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Thursday, May 20, 2021

Wall Street Skittish as Stocks Face Fourth Day of Losses: Live Updates [feedly]

Wall Street Skittish as Stocks Face Fourth Day of Losses: Live Updates

Stocks are expected to fall for a fourth day.

A steel plant in Hefei, China. In recent weeks expectations of a global economic rebound have pushed up the price of iron ore, a key ingredient, although futures slipped lower Thursday.Credit...Jianan Yu/Reuters

U.S. stocks were expected to fall when trading begins on Thursday as investors continue to worry about inflation. The S&P 500 was set to open 0.5 percent lower, futures indicated, which would extend losses for the U.S. benchmark index into a fourth day.

Concerns about rapid economic growth fueling inflation, as well as rising coronavirus cases in some parts of the world, have undermined recent optimism about the global economic recovery from the pandemic.

On Wednesday, minutes of the latest Federal Reserve policy meeting showed several officials thought that "at some point in upcoming meetings" they could begin to discuss tapering the bank's bond-buying program. Investors have speculated the central bank would have to do so as price increases accelerated. The same day, data showed Britain's annual inflation rate doubled to 1.5 percent in April.

The latest weekly data on new state unemployment benefit claims will be released on Thursday. Economists surveyed by Bloomberg expect 450,000 claims, which would be the third consecutive weekly drop and further evidence that the labor market is slowly recovering. Until April, claims regularly exceeded 700,000 each week.

European stock indexes were mixed on Thursday. The Stoxx Europe 600 rose 0.4 percent as gains in health care and industrial stocks outweighed a fall in energy company shares. The CAC 40 in France rose 0.5 percent and the DAX in Germany rose 0.4 percent. The FTSE 100 in Britain was little changed.

Bitcoin was trading just below $40,000 on Thursday morning after a volatile day on Wednesday when the price plunged to below $32,000.

Ethereum, another major cryptocurrency, also recovered some of its losses from Wednesday, when it fell about 20 percent.
Elsewhere in markets

Oatly, the oat-based milk substitute, priced its shares at $17 each for its initial public offering, the company said on Wednesday, valuing it at about $10 billion. Oatly is expected to begin trading on Thursday with the ticker symbol"OTLY."

Oil prices dropped. Futures on West Texas Intermediate, the U.S. benchmark, fell 1.7 percent to $62.28 a barrel.

Metal prices have fallen after reaching record highs on expectations of a strong global recovery that would increase demand for industrial materials. Iron ore futures were down more than 6 percent on Thursday and copper prices dropped nearly 4 percent on Wednesday.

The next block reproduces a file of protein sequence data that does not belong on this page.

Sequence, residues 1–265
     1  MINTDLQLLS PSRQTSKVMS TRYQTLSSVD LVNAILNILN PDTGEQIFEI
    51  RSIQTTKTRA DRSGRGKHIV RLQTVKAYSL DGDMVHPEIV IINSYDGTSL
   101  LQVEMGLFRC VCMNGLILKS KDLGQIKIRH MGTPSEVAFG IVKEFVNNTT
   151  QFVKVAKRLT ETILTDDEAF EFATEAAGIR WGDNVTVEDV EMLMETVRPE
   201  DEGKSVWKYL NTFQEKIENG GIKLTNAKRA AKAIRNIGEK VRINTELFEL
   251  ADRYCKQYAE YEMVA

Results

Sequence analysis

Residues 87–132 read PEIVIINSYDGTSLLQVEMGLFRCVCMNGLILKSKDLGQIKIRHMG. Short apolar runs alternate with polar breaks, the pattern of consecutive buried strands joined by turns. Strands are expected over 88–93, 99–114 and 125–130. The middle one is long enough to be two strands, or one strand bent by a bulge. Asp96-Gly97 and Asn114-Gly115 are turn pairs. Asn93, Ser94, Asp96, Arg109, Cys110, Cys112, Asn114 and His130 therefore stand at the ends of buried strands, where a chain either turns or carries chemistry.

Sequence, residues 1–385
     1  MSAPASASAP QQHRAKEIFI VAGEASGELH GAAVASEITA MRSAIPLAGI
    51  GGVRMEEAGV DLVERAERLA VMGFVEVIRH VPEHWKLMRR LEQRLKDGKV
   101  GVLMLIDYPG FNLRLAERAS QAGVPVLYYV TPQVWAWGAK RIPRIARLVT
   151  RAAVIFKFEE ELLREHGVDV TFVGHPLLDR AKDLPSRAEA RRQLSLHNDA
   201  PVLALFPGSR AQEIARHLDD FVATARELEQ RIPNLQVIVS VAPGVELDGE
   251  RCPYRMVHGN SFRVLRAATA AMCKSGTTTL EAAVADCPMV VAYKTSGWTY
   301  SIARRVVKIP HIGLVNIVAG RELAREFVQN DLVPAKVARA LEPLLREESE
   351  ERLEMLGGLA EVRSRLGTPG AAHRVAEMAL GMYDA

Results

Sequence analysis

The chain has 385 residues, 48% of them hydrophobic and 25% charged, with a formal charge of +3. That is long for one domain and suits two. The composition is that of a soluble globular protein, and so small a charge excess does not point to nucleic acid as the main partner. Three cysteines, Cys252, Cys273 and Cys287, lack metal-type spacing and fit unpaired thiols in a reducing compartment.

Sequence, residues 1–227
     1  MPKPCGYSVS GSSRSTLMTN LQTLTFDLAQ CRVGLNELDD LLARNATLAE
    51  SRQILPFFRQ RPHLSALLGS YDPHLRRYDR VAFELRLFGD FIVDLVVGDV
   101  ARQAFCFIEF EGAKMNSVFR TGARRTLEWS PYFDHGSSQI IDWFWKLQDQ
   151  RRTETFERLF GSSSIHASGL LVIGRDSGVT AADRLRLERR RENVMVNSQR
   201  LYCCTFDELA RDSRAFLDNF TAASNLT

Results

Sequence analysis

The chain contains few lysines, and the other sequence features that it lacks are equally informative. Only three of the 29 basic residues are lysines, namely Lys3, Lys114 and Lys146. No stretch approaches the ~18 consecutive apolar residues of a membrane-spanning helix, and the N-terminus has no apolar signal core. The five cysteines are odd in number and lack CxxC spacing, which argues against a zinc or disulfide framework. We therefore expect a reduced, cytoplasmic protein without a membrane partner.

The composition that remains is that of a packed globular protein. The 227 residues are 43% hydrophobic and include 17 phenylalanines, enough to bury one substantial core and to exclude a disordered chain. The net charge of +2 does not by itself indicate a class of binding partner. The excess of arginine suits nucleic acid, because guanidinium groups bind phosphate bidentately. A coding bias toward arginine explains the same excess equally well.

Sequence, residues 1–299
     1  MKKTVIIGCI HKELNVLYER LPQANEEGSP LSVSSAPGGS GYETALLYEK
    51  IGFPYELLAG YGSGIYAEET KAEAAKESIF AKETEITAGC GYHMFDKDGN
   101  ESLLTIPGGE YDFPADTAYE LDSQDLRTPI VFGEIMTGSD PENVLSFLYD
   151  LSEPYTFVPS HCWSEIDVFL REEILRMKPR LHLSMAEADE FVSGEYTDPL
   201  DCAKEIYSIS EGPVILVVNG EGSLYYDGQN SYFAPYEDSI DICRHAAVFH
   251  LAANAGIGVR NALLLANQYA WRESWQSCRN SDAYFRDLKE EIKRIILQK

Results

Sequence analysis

In China, officials have warned against "unreasonable" increases in commodity prices, Bloomberg reported. Officials said they would increase the supply of commodities domestically in a bid to reduce prices, and bolster the oversight of trading in those markets.

Eshe Nelson

Unemployment claims fell again last week.

Initial claims for state jobless benefits fell again last week, continuing a fairly steady decline since the start of the year, the Labor Department reported Thursday.

The weekly figure was slightly under 455,000, a decline of 37,000 from the previous week and the lowest weekly total since before the pandemic. New claims for Pandemic Unemployment Assistance, a federally funded program for jobless freelancers, gig workers and others who do not ordinarily qualify for state benefits, totaled 95,000. The figures are not seasonally adjusted.

New state claims remain high by historical levels but are less than half the level recorded as recently as early January. The benefit filings, something of a proxy for layoffs, have receded as business return to fuller operations, particularly in hard-hit industries like leisure and hospitality.

More than 20 Republican-led states have said they will abandon federally funded emergency benefit programs in June or early July, saying the income is deterring recipients from seeking work as some employers complain of trouble filling jobs. Those programs include not only Pandemic Unemployment Assistance but also extended benefits for the long-term unemployed.

— Kevin McKenna
 -- via my feedly newsfeed

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